Probiotics Raise Concerns in Vulnerable Populations

Giuliana Miranda

May 25, 2023

In a study published in the journal Gut Microbes , specialists affiliated with the International Scientific Association for Probiotics and Prebiotics (ISAPP) raised questions regarding the safety of probiotics, especially among vulnerable populations (such as newborns, pregnant women, patients with short bowel syndrome, and patients who are immunocompromised). Despite theoretical and proven adverse events from probiotic consumption, according to the authors, research is needed to address gaps. Areas for future study include the possibility of antibiotic resistance gene transfer via transformation, the potential impact of probiotic‑induced changes in microbiomes, and interactions with drugs.

Probiotics, guidelines for which were published by the Food and Agriculture Organization of the United Nations and the World Health Organization in 2001, are currently defined as "live microorganisms which when administered in adequate amount confer a health benefit on the host." However, as the first probiotics were associated with naturally fermented foods (yogurts, for example) and not seen as medications, their potential side effects were not often monitored, and their use was not regulated. Over the past 12 years, however, clinical studies have been looking into possible complications associated with the use of these microorganisms.

Long-term studies designed to demonstrate probiotic safety in populations at risk are scarce. This situation, as well as the expanding use of probiotics in vulnerable patients, requires concise and actionable recommendations on how to work toward the safe and effective use of probiotics. The ISAPP convened a meeting to discuss and produce evidence-based recommendations on potential acute and long-term risks, risks to vulnerable populations, the importance for probiotic product quality to match the needs of vulnerable populations, and the need for adverse event reporting related to probiotic use.

Genomic Sequencing Essential

Researchers concluded that a foundation for assessing the safety of any probiotic strain is a complete genome sequence, which should be conducted before incorporating new species into food and supplement manufacturing processes.

"This allows assignment of the strain to a given taxonomic group, enabling review of published risks associated with the species. A full genome sequence also allows strain-level identification, which can be important for tracking the strain during production and to investigate etiology of suspected infections. Further, the genome can be interrogated for any genes of concern, including toxigenicity, pathogenicity, or antibiotic resistance," the article emphasizes.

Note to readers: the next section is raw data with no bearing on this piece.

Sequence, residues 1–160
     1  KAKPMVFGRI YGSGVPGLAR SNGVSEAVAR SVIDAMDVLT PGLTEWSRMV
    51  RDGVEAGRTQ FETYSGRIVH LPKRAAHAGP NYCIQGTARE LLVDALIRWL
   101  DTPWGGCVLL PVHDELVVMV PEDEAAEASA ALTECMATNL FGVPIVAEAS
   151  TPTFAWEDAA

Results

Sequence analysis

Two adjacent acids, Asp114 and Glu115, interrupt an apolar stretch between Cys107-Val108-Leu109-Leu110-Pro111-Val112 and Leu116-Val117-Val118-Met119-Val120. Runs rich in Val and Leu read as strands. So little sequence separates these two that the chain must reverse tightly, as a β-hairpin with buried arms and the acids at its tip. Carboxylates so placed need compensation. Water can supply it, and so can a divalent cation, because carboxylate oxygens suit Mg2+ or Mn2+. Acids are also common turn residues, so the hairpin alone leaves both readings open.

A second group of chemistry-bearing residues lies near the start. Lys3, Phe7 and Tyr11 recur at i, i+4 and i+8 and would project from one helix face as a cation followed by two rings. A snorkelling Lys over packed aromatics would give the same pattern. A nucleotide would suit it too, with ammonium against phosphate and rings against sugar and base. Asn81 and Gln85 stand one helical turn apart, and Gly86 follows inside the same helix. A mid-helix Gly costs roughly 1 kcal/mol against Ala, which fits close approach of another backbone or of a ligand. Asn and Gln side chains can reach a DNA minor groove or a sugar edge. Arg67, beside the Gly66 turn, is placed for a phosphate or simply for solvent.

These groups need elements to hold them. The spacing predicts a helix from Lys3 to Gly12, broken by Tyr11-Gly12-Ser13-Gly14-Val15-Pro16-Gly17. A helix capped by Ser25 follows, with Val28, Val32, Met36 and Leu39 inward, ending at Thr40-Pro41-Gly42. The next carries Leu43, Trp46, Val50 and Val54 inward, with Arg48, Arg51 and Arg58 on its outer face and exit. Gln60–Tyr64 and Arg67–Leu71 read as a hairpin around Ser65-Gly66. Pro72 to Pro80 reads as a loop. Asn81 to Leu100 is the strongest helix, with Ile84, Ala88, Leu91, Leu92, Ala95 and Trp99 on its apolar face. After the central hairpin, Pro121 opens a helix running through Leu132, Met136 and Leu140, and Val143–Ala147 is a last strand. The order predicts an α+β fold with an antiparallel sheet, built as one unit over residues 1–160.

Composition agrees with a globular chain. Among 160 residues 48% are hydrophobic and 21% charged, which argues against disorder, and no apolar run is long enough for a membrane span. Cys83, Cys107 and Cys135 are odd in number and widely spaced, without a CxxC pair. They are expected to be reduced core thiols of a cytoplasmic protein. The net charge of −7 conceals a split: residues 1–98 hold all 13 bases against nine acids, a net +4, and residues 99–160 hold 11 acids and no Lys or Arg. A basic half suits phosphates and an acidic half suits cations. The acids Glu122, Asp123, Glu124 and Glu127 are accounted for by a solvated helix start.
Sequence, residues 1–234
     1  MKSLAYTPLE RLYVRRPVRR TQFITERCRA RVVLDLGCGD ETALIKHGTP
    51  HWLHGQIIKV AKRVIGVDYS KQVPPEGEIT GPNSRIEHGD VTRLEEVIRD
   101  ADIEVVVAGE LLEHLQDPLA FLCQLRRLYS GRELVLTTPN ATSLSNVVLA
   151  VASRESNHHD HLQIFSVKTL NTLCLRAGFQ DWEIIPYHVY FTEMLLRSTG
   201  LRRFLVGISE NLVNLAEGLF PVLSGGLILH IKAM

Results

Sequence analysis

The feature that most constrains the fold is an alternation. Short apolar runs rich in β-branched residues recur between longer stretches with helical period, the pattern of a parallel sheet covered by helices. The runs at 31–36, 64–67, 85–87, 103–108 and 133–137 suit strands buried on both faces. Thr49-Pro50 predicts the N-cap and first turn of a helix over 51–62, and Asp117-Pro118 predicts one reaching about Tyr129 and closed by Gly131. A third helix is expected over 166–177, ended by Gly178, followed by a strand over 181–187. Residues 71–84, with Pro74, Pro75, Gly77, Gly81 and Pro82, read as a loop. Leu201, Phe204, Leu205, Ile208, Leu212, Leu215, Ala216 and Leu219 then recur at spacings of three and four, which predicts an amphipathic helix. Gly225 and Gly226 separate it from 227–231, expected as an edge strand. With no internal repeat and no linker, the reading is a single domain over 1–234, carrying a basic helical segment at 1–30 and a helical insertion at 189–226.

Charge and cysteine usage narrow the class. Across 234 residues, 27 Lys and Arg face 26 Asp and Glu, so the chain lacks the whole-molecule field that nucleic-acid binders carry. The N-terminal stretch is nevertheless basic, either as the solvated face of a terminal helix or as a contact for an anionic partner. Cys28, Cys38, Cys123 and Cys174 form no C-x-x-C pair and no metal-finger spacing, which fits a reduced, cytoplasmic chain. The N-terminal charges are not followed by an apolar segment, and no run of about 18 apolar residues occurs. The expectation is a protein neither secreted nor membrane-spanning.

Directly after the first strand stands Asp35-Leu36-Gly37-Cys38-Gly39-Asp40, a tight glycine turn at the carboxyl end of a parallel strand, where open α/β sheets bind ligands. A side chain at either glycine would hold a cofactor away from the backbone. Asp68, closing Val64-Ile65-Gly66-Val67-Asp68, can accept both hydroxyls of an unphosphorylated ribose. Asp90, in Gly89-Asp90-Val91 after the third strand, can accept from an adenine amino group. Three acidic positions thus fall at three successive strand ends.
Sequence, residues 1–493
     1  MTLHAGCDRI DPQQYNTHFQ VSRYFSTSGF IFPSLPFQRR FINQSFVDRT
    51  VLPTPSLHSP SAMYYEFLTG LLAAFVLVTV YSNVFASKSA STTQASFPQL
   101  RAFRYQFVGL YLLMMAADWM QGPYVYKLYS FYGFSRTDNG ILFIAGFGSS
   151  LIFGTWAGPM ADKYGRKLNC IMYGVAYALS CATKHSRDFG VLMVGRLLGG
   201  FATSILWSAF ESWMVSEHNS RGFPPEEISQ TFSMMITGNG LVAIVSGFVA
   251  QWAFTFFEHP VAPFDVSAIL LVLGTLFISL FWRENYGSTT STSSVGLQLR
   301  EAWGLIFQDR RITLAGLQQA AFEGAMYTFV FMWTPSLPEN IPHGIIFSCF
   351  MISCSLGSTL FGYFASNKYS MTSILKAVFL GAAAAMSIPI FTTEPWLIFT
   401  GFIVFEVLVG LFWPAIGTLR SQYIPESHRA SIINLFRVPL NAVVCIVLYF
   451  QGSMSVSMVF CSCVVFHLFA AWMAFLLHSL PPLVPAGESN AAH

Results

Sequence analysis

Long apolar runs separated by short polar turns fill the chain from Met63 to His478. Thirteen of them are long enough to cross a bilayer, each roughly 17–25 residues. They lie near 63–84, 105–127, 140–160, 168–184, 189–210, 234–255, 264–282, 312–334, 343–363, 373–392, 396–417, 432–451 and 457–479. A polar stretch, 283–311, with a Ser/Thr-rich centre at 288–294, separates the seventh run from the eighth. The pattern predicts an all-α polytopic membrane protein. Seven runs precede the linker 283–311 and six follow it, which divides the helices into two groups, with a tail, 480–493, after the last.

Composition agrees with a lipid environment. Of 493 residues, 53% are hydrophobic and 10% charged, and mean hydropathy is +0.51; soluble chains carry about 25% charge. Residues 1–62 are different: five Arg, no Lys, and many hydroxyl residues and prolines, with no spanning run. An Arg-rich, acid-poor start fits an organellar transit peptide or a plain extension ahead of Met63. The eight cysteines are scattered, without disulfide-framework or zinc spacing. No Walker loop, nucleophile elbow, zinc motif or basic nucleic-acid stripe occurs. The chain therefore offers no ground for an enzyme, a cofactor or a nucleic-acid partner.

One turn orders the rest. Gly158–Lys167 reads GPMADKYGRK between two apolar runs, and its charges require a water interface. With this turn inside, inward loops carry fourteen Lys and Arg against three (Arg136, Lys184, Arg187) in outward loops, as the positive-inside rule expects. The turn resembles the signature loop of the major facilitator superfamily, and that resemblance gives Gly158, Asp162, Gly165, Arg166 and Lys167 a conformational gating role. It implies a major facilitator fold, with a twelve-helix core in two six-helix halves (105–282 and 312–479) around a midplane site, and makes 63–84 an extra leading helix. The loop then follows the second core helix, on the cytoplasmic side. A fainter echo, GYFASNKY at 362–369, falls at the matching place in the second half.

Scientists have been concerned with the possibility of transferring resistance genes to intestinal microbiota for several years. In a study published in 2022, Alexander Crits-Christoph, PhD, and colleagues affirmed that advances in metagenomic sequencing can help prevent the use of new probiotics that could contribute to antibiotic resistance in patients.

Essential Care

Issues related to the safe formulation of probiotic products include the need to establish the purity, potency (that is, the quantity of live microbes delivered), and composition of the final product. Furthermore, probiotic products must undergo adequate testing — adapted to the intended use — for potential contaminants. "Since probiotics are designed to be administered as live microbes, contamination with pathogenic or potentially pathogenic microbes is a greater risk than for products that undergo an intentional sterilization process," write the authors.

Correctly handling and administering probiotics is also essential. Before prescribing probiotics, the clinician must consider the patient's health condition and potential risks.

The Probiotics in Pancreatitis Trial (PROPATRIA) raised one example of potential risk. This study's results suggest that the enteral use of some probiotic preparations could be contraindicated in patients with severe health conditions.

The specialists from the ISAPP concluded that more studies are needed on the long-term effects of probiotics, particularly in more vulnerable groups, and rigor in collecting and reporting data on adverse events is required.

Although the specialists confirm the need for understanding the entire genetic makeup of a probiotic as a cornerstone for assessing its safety, long-term safety assessments for probiotics should be consistent with and not more stringent than current regulatory requirements for biologic drugs, including fecal microbial transplants.

This article was translated from the Medscape Portuguese Edition.


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